I can't imagine why this shot made me think of the Munchkins!!
It's still very cold here, twenties this morning. Overnight the surface of the lake forms a thin sheet of ice in places where the water isn't roiled by waves leaving a few patches of very, very thin ice. Clicking on photos enlarges them.
Male Red-Wing Blackbirds have returned to stake out their territories this year - perhaps they came a bit too early this time. They're competing with birds like cardinals, juncos, titmice, nuthatches, chickadees, downy woodpeckers, hairy woodpeckers, red headed woodpeckers, brown creepers, mourning doves, et cetera. who've been here all winter for the seeds, yes, SEEDS. Only males have the red bar; females don't and look a little like large sparrows. Males display the red band when announcing their territories but as you'll notice, they can also almost hide the patch at moments when they are in close proximity and not fighting for nesting spots. (There's also a narrow band of yellow.)
Soon the view through my north forest of Lake Huron will be hidden by leaves - so it's important to enjoy it now while the lake's still visible. Much of the snow from last week's blizzards has melted - again. I'm anxious for my little evergreens to start growing their spring candles again. I've already trimmed off the lowest ring of branches from each tree in an attempt to spur upward growth. I even trimmed one of my horse chestnuts seedlings hoping for the same result. Some of my young rhododendrons flowered last year; maybe there will be more flowers this year. I lost four trees this winter. I leave them on the ground to serve as food for many little creatures and so the nutrients trapped in their trunks will enrich the soil for the next generation of plants and animals. Ah, the circle of life.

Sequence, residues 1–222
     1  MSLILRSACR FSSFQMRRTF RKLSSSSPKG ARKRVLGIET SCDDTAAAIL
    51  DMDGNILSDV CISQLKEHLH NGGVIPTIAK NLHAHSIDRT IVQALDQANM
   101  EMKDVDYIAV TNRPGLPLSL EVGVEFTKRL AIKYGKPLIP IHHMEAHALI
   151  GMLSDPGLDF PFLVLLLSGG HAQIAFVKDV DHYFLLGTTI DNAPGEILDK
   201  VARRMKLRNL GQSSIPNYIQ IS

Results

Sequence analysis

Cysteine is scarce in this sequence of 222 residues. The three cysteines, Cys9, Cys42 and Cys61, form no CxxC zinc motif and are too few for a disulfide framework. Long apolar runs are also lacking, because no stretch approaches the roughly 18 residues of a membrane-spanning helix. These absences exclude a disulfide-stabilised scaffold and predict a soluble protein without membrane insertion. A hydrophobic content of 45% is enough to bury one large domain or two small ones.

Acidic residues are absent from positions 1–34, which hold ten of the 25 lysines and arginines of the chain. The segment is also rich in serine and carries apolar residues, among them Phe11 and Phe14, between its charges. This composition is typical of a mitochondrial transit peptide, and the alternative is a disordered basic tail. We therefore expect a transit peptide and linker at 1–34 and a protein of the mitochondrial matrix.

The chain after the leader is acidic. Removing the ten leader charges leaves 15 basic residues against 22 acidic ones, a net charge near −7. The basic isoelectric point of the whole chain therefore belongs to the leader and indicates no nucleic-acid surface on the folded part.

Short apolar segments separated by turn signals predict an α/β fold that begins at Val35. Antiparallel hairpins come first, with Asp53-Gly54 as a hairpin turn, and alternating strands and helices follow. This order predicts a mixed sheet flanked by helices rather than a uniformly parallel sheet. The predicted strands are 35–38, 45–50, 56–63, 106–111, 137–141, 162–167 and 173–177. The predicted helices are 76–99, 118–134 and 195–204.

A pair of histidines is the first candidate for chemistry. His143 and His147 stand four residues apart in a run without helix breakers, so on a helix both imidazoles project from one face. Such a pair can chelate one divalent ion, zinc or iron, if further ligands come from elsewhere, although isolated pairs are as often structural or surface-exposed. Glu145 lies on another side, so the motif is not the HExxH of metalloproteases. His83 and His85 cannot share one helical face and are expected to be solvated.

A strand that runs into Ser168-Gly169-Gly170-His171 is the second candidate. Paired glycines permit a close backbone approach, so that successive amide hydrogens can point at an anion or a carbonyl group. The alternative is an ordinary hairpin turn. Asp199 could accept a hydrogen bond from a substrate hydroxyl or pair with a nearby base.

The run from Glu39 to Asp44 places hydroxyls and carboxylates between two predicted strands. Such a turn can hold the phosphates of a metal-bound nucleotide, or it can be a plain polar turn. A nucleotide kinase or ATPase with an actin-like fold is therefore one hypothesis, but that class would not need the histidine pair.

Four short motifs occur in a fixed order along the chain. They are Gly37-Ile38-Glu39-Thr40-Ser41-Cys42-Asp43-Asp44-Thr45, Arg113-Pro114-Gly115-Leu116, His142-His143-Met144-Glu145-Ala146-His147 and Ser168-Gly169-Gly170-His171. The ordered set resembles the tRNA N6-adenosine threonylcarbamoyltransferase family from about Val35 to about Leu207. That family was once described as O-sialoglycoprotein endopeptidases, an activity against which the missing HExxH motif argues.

Stephen Hawking died this week. I believe he was right - humans must leave this planet and begin living in space. Of course, most of the billions and billions of us will remain behind. There are way too many of us and we are inevitably, and faster and faster, destroying life as we know it on earth. Fortunately the earth will survive the anthropecene era and continue on its merry way racing through the cosmos.